- Mitt Romney wins almost every category over voters in the New Hampshire primary
- Romney did best among the wealthiest voters
- N.H. primary voters appeared more moderate than their counterparts elsewhere
- Jon Huntsman did best with voters opposed to the Tea Party
"Moderate" may be a four-letter word in most Republican circles, but not in New England.
Mitt Romney cruised to victory in New Hampshire on Tuesday night, riding a wave of support from mainstream Yankee Republicans -- fiscally conservative, socially moderate and politically pragmatic. The former Massachusetts governor swept nearly every group of voters, whether categorized by income, ideology or religion.
The former venture capitalist's support rose steadily according to voters' incomes. He did best among those making more than $200,000 annually.
Christian conservatives and Tea Party backers -- the heart of Rick Santorum's support last week in Iowa -- gave a plurality win to Romney this time. The switch reflected a major regional distinction, as well as the broader universe of voters who take part in primaries as opposed to caucuses.
Ron Paul beat out Jon Huntsman for a distant second-place finish, while would-be conservative challengers Rick Santorum and Newt Gingrich struggled to even crack the double-digit threshold. Rick Perry, who packed his bags for South Carolina long ago, was all but shut out.
Back in 2008, John McCain won the first-in-the-nation GOP primary with the help of independent voters. This year, independents splintered while Romney crushed his opponents among registered Republicans, winning nearly 50% of their votes.
A plurality of New Hampshire voters on Tuesday said the most important candidate quality is the ability to beat Barack Obama in November; Romney won more than 60% of this group. A mere 13% of voters said the most important candidate quality is whether he's a true conservative -- a miniscule total for a party supposedly dominated by rigid ideologues. (Exit polls: New Hampshire)
Asked whether they'd prefer their elected officials to compromise in order to get things done or stick to their principles, a majority of voters chose compromise. Sixty-four percent of voters called themselves conservative on fiscal issues, but only 38% considered themselves conservative on hot-button social issues such as same-sex marriage and abortion.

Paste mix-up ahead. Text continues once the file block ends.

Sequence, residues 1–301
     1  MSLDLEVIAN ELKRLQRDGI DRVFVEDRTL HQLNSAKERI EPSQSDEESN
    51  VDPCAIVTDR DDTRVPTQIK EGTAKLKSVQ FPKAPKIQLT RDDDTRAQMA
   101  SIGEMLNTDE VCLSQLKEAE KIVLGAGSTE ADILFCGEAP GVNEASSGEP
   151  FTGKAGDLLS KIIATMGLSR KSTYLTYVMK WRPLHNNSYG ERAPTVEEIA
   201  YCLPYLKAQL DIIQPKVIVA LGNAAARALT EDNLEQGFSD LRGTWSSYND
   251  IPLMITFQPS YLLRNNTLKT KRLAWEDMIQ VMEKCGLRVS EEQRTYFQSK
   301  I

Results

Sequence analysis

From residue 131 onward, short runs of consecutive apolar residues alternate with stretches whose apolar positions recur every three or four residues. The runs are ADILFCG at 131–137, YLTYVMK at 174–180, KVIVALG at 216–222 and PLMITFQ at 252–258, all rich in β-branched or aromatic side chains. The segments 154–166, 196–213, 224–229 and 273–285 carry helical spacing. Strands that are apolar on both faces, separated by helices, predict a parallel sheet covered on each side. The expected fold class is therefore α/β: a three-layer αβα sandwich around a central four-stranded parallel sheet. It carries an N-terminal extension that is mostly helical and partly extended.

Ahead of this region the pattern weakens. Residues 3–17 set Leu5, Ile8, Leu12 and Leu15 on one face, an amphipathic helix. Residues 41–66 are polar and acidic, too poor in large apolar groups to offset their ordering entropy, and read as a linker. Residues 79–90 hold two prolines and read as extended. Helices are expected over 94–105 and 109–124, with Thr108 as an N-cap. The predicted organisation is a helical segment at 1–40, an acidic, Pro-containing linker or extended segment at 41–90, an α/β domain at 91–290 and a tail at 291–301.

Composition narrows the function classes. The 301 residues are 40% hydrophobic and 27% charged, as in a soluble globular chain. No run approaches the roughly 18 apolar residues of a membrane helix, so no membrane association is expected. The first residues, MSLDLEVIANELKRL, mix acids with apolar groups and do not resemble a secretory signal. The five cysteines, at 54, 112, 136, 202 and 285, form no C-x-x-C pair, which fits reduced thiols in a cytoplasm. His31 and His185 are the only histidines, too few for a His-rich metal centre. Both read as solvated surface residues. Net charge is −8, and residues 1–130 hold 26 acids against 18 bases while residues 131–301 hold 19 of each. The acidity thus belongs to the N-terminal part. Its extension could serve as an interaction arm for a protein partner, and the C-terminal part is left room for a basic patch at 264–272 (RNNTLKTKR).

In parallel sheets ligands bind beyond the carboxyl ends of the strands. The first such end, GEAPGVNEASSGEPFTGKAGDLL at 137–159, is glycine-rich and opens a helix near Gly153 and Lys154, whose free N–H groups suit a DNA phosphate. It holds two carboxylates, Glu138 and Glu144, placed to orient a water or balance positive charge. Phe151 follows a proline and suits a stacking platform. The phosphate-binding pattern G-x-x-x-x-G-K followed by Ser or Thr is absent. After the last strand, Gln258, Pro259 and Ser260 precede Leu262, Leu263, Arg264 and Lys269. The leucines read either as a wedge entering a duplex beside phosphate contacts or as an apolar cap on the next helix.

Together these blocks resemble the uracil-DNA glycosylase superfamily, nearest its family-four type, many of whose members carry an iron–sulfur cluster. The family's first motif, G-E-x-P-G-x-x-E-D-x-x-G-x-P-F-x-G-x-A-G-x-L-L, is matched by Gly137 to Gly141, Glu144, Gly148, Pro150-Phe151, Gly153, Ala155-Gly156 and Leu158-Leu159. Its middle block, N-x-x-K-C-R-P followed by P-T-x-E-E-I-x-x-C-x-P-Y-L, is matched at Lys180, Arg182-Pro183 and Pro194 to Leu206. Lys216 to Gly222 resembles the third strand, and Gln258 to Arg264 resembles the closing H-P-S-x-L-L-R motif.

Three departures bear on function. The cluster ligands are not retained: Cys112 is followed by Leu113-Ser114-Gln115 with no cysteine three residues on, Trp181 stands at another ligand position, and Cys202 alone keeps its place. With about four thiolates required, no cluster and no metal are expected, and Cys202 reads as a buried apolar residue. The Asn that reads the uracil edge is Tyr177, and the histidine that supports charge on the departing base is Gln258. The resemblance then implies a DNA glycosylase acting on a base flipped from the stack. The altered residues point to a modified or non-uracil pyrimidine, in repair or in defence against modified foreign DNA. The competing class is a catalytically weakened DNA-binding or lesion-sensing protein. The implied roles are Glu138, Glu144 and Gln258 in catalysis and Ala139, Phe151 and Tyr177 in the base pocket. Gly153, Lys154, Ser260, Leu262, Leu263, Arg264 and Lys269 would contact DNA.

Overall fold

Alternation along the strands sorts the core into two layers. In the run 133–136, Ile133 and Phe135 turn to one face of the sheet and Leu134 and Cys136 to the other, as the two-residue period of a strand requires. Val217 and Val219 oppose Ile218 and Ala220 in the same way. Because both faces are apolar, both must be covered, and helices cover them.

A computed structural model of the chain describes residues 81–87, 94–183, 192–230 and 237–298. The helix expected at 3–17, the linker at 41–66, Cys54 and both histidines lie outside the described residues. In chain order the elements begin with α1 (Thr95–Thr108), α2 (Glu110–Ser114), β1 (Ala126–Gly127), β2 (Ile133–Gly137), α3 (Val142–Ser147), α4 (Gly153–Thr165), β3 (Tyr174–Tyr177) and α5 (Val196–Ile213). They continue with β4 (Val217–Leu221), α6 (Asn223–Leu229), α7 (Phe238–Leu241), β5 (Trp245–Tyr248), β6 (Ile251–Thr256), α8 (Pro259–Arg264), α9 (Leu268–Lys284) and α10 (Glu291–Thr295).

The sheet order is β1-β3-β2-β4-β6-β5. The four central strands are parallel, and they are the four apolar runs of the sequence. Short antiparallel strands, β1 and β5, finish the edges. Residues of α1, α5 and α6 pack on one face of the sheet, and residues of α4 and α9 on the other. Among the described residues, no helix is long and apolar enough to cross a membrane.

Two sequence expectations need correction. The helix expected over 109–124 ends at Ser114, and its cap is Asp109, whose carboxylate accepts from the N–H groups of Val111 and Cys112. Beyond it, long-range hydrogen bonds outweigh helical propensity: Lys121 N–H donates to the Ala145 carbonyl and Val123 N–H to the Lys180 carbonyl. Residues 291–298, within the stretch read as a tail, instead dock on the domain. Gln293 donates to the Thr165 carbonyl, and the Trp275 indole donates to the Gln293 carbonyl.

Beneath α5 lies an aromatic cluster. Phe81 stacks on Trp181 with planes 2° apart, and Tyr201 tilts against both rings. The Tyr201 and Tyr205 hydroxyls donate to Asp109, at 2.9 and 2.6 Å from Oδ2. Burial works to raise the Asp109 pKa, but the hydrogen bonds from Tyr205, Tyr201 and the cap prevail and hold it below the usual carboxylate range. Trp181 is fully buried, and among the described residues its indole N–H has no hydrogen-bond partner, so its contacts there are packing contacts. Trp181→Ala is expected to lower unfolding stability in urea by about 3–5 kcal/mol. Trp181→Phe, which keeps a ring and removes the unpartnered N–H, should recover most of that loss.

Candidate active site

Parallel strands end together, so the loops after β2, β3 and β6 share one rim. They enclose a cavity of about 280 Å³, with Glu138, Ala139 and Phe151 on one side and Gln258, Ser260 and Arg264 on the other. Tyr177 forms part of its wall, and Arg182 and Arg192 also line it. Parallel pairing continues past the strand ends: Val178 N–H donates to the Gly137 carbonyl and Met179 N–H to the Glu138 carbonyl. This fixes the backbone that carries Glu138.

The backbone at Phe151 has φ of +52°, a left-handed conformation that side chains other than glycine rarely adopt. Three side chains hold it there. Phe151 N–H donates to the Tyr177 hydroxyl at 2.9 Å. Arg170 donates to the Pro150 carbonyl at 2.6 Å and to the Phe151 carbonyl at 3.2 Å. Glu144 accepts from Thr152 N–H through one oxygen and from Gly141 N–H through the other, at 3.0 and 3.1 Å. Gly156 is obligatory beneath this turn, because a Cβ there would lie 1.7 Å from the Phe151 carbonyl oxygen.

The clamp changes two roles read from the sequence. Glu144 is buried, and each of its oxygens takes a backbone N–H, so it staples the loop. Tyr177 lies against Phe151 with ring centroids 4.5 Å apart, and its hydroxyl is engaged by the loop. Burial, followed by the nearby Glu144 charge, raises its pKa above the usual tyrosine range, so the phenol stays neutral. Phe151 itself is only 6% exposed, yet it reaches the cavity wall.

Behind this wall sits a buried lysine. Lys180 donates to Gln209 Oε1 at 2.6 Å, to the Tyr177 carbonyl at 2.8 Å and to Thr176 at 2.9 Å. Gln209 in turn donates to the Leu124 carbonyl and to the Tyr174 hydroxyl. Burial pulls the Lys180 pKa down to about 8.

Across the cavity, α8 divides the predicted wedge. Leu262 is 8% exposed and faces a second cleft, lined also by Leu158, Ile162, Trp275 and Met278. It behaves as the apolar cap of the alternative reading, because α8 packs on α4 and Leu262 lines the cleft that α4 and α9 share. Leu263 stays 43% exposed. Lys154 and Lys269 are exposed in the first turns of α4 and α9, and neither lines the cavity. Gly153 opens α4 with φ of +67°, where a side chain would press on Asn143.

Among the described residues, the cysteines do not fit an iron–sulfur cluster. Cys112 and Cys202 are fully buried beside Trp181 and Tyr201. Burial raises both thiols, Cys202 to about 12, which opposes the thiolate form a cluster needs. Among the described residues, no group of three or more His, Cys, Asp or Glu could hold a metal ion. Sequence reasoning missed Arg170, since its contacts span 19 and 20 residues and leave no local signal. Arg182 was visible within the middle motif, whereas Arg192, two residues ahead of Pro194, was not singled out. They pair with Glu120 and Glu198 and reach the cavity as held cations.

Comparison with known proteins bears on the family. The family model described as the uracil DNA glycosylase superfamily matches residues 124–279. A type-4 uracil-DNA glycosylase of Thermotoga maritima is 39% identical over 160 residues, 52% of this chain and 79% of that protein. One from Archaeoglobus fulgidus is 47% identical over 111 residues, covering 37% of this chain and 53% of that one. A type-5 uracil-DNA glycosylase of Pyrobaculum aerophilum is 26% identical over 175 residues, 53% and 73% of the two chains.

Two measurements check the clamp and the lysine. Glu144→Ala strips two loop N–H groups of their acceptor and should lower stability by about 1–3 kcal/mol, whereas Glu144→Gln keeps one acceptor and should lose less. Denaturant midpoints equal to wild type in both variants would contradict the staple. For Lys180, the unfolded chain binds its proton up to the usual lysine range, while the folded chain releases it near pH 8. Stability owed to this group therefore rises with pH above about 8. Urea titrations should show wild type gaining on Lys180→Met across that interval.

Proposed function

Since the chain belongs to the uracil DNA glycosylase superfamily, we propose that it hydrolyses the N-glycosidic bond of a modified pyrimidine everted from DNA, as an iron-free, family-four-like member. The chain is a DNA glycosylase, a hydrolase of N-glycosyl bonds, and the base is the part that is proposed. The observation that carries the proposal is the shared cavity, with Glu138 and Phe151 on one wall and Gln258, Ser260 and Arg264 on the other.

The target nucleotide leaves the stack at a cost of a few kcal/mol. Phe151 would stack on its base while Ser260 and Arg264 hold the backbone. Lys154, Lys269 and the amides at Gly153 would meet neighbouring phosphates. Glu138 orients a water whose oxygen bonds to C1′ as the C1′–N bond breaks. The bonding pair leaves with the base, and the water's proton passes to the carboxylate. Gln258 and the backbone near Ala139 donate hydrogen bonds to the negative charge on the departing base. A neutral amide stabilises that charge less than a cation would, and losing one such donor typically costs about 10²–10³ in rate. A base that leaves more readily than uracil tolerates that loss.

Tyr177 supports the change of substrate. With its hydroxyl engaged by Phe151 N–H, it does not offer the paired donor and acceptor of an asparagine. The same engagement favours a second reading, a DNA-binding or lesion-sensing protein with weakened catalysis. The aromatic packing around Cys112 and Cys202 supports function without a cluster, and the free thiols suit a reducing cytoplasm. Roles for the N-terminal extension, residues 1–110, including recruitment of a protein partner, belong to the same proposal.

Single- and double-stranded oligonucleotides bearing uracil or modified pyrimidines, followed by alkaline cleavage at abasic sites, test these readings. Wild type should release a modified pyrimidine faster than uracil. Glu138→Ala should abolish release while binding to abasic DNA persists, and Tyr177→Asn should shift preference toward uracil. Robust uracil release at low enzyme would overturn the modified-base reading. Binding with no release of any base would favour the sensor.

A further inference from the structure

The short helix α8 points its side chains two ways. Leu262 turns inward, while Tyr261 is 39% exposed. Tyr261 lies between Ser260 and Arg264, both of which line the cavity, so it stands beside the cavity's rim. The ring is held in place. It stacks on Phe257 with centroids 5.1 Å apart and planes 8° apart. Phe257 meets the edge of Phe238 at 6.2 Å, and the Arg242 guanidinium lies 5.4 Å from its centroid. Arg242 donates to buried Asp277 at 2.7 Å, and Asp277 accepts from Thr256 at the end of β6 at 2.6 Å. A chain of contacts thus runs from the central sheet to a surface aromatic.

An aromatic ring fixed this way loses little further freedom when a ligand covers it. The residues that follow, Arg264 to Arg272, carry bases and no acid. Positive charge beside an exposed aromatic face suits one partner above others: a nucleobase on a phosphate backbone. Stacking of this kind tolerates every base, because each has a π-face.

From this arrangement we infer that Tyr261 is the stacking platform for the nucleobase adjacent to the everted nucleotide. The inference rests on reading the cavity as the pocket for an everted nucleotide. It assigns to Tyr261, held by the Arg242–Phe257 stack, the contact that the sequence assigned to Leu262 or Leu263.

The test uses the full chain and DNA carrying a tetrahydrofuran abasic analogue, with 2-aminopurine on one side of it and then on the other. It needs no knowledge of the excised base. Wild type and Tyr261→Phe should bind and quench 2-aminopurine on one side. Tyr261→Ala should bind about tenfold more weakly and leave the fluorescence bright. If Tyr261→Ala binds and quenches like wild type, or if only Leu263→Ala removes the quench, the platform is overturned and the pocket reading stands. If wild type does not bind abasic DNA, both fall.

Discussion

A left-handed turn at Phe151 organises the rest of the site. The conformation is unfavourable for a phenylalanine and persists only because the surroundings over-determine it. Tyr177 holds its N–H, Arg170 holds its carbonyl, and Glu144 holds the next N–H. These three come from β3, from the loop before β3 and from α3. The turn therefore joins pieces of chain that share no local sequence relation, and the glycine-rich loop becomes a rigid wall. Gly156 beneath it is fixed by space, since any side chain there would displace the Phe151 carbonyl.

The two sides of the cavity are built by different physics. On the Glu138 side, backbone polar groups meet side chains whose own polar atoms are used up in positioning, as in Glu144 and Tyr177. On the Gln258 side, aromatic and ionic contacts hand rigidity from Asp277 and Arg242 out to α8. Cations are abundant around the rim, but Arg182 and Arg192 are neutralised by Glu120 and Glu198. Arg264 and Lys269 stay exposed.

For Huntsman, who staked everything on the Granite State, the results presaged rough waters ahead. The former Utah governor dominated among the 17% of voters opposed to the Tea Party and the 12% of voters satisfied with the Obama administration -- not exactly building blocks for a winning Republican nomination strategy.
Huntsman, also a former ambassador to China, basically tied Romney among those voters who valued experience above all else. Unfortunately for him, that group only comprised a quarter of the New Hampshire electorate.
Paul, meanwhile, ran best among the young, the poor, and self-described social liberals -- equally problematic for a GOP primary contender.
Now the race shifts to South Carolina, a Southern kingmaker state that has picked every Republican nomination winner since 1980. The state, known for fights on explosive social issues, suddenly promises to be the scene of a rare GOP fight with class warfare overtones as Romney's opponents target his career at Bain Capital. Perry accused Romney this week of practicing "vulture capitalism."
"President Obama wants to put free enterprise on trial," Romney told supporters Tuesday night. "And in the last few days, we've seen some desperate Republicans join forces with him. This is such a mistake for our party and ... for our nation."
Time will tell.